Inside the building retains many original features, mostly due to its neglect and lack of modernisation over the years. However as quality materials were used in the building they have lasted well over 40 years. Of particular note in the interior is the flooring, which is Pirelli used in formula 1 tyres, the woodwork which is the African hardwood Iroko and finally the iconic white tiling used through-out the building from Shaws of Darwen. The building is accessed by three subways or via an entrance on the front facade. The interior of the building consists of two long open halls where passengers stand (separated by characterful African wood barriers) and wait for their bus. The two halls are separated by facilities including: toilets, a cafe (with authentic 1970's bright green chairs), information and ticket areas and offices for staff above, Also between the two waiting halls at either end are some small shops allowing one to have a haircut whilst one waits for their bus. Another distinguishing feature of the interior in my view are the original clocks which before the large and unsympathetic signs were put in (out of shot on picture above) dominated the view down the building (see above). Above the bus terminal is four/five stories of car parking which are less distinguished compared with the bus terminal and are not unlikely many other car parks of the era. The stairwells (of which there are four) give access through-out the building and continue the use of white tiling although unfortunately like many other car park stairwells the stench of urine is overwhelming. The 20th century society describes the bus station as one of the most significant Brutalist buildings in the UK.

It has been put forward twice for listing by the 20th century society and English heritage but refused both times. Its lack of legal protection leaves it vulnerable to unsympathetic alteration and demolition. It was first proposed for demolition in 2000 but was fortunately saved when the £700m Tithbarn shopping development collapsed in 2011. However plans for demolition have re-surfaced recently and after a vote was carried by Preston council on the 7th of December 2012 it was decided to demolish the bus station. The main (flawed) argument for demolition is due to the high costs of modernising and maintaining the building. Demolition which could cost £1.8 million could soon begin even though there are no plans for its replacement and the site is earmarked for a bleak open car park which will undoubtedly give the area a more negative image. This seems vaguely reminiscent of the 1960's when fine Victorian buildings were leveled as they were out of fashion and yet the sites laid empty for years sometimes decades. Another argument used has been that it is in the wrong area of the city which is no reason to demolition a perfectly good building, it is a very wasteful approach. 

Public opinion is split on whether to remain or demolish this powerful brutalist statement which is no doubt the most recognisable building in the city. Although opinion is split it was recently voted the most popular building in Preston by residents. The future does not look bright for this 43 year old icon of the city, but there may still be time for the building to be saved. The building is enormously importance for the image of the city of Preston which is full of other examples of Brutalist architecture such as the guildhall and market. It is by far the best example of Brutalism in the city if not one of the best in the country. It also has high value for the tourist industry, it is internationally known building and features in global books of architecture and is one of the 1001 buildings to see before you die (mark Irving). The loss will be a disaster for the city and its reputation by the arrogant Councillors who do not appreciate its architectural importance.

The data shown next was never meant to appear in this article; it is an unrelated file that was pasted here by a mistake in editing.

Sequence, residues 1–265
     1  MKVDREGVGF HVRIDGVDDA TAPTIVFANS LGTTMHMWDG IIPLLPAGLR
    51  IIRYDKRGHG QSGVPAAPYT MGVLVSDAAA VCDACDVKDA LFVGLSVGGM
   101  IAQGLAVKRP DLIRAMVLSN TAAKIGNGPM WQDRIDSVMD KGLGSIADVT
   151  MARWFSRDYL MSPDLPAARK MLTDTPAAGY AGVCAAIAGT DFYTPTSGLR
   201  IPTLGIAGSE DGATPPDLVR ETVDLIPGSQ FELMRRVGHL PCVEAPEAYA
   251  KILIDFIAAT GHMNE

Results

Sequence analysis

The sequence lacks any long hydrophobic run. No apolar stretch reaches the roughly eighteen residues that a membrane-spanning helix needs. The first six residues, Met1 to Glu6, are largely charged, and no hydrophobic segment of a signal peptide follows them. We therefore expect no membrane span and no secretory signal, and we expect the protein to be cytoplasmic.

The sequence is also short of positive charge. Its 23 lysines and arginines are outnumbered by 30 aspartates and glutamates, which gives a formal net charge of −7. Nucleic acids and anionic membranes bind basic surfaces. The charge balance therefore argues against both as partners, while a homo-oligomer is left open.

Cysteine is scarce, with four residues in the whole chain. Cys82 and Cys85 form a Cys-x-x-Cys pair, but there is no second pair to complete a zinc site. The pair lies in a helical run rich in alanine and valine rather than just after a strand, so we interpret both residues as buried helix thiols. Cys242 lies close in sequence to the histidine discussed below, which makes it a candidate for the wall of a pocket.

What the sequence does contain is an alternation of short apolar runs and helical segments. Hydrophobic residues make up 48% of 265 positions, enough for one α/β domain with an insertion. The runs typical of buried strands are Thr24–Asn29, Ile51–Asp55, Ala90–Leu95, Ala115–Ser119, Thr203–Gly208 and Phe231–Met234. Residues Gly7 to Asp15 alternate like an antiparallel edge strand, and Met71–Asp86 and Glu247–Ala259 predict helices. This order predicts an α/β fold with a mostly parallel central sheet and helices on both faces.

The bus station is such a unique and unusual building I feel that there must be an alternative to demolition, surely it can be modernised for its current use or adapted for a new one? Someone I encountered when visiting the building suggested a public roof garden, which is an idea I really like. It is this type of creative thinking which the building needs so it can be adapted for a new use. A roof garden would be amazing as the building has a splendid panorama view of the city, It could be enriched by a roof terrace cafe and be a major tourist attraction. If the bus station was to be made redundant shops could be inserted into the docking areas, the car park could be retained as there is still a high demand for parking in Preston, just an idea? If architects sat down and thought about adapting the building I'm confident a new suitable purpose could be found. It is a shame that Preston council are so narrow minded!

April update- Another application for listing has been presented supported by English heritage and RIBA. However an application has been made by Preston council to block attempts at listing the bus station. The future of this iconic building is still hanging in the balance

To help save this building sign the petition (left on the links bar), write to the council in protest or tweet to bring attention to the plight of this building!